“Yellow Fever” Uncovers the Navajo Uranium Boom




LINCOLN, NEBRASKA — Yellow Fever, a one-hour documentary premiering this March on WORLD Channel’s “AmericaReFramed” series, examines the history and lasting impacts of the Uranium Boom on the Navajo Nation through the eyes of young, Native American war veteran, Tina Garnanez (Navajo).

Directed and produced by Sophie Rousmaniere of Issue Television, “Yellow Fever,” illuminates questions of American energy policy as a decades-old Cold War uranium-mining strategy that is now being revived as present-day energy development. The film explores the large, ongoing conversation about the U.S.’s need for energy and the equal–if not more powerful–need to protect our country’s natural resources. Today, the Navajo people are raising awareness and seeking to resolve the many problems that have arisen from the energy industry on the Navajo Reservation.

Yellow Fever filmRousmaniere recounts, “I went to a public hearing about the issue of energy exploitation on Navajo land. This concept of ‘the paradox of plenty’ or ‘the resource curse’ where regions with abundant resources are often poor in money had struck me as very bazaar.”

The film was indeed a story to be told–not only because there were so many compelling elements historically–such as the “NIOSH studies” which hid documentation of the failing health of uranium miners–but because it has turned into a present-day debate. “There is a flood of applications being received in support of re-opening old uranium mines. These mines have contributed to the poisoning of wells and aquifers for thousands of miles,” said Rousmaniere.

“A Native culture that has survived thousands of years is facing complications of a third-world country despite being located immediately in the middle of one of the world’s greatest superpowers,” said Jay Minton (Potawatomi), co-producer of “Yellow Fever.”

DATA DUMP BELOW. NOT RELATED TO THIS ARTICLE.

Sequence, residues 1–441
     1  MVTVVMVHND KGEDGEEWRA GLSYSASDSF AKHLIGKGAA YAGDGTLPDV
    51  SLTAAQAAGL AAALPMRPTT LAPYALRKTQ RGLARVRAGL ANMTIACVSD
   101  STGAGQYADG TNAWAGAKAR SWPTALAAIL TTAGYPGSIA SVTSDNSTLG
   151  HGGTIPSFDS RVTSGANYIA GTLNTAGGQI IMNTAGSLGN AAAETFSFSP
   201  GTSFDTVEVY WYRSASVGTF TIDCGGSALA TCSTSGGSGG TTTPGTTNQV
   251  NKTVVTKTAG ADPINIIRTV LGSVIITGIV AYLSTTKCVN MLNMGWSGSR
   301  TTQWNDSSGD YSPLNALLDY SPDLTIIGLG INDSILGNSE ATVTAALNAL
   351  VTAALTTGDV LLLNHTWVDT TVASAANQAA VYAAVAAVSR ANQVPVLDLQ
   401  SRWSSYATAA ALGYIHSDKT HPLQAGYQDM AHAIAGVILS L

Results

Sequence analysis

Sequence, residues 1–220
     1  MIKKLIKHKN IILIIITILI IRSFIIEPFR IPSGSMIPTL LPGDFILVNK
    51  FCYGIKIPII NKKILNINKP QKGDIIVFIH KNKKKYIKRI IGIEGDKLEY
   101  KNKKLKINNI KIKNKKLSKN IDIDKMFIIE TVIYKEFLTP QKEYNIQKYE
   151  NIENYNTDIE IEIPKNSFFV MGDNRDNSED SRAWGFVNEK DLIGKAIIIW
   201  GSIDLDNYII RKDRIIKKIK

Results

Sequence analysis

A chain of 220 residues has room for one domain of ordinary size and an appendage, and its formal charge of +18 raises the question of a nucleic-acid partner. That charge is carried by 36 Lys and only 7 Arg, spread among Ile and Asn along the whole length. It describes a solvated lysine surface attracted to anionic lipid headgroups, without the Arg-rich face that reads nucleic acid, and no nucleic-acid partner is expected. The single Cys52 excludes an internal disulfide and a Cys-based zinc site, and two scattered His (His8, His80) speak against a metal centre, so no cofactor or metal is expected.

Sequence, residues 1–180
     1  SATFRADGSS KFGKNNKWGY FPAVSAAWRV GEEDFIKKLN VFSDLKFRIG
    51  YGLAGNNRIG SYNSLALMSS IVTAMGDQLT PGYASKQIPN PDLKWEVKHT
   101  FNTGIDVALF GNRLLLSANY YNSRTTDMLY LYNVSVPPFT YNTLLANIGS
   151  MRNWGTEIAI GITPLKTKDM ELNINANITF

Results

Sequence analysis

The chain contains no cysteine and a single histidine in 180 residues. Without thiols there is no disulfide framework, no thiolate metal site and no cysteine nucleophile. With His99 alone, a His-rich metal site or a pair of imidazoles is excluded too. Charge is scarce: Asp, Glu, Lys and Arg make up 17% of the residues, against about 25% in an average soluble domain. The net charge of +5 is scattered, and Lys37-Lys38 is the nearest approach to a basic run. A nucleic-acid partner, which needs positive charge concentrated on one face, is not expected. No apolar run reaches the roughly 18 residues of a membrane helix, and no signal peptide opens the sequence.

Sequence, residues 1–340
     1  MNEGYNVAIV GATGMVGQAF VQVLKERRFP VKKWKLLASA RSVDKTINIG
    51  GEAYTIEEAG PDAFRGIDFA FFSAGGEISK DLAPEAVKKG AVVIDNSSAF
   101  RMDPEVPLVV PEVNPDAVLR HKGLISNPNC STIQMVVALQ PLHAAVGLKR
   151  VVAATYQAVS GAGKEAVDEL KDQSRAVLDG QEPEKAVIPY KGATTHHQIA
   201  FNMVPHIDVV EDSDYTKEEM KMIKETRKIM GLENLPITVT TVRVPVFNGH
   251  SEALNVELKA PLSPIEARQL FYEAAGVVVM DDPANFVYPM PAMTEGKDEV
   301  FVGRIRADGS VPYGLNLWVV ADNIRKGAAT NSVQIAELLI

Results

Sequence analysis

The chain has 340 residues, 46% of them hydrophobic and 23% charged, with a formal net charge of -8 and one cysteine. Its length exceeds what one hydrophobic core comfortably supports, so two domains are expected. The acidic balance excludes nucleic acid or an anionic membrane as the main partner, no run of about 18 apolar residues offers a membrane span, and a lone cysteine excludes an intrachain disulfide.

War veteran, Tina Garnanez, served in the U.S. Armed Forces in both Kosovo and Iraq. Upon her return to the states, she was diagnosed with Post Traumatic Stress Disorder (PTSD). She credits photography and spending time with family as a successful form of therapy for her.

During this time, Garnanez took an interest in the stories of the Navajo Uranium Boom. She decided to embark on a personal investigation of the uranium mining industry–looking at the cost of cheap energy, the potential for new mining on the Navajo Reservation, and the tolls it has on the environment. Throughout the film, she becomes an advocate, lobbyist, and a vocal proponent for transparency and environmental justice.

Vision Maker LogoThe Navajo Nation extends over nearly 30,000 square miles with lands in Utah, Arizona, and New Mexico. It is the largest reservation in the U.S. with a population of over 173,000. It is estimated that 3 billion tons of uranium ore lay beneath the Navajo Nation. Uranium mining began on the Navajo Nation during the Cold War in the 1950s in an effort to support the nuclear arms races. During this time, more than 2,000 uranium mines were excavated and four uranium-processing mills were built. Today, engineers and environmentalists consider the lands of the Navajo Nation and those immediately surrounding as an “Energy Sacrifice Zone”–a region highly impacted by pollution from the 16 power plants and the 35,000 natural gas and oil wells located there.

“Yellow Fever”–which received major funding from the Corporation for Public Broadcasting (CPB) and Vision Maker Media–is an offering of WORLD Channel’s “AmericaReFramed” series. This documentary will be available to public television stations nationwide on Tuesday, March 31, 2015, at 8 p.m. Eastern. This program is suggested for scheduling for Earth Month in April. For viewing information in your area, please visitwww.visionmakermedia.org/watch.

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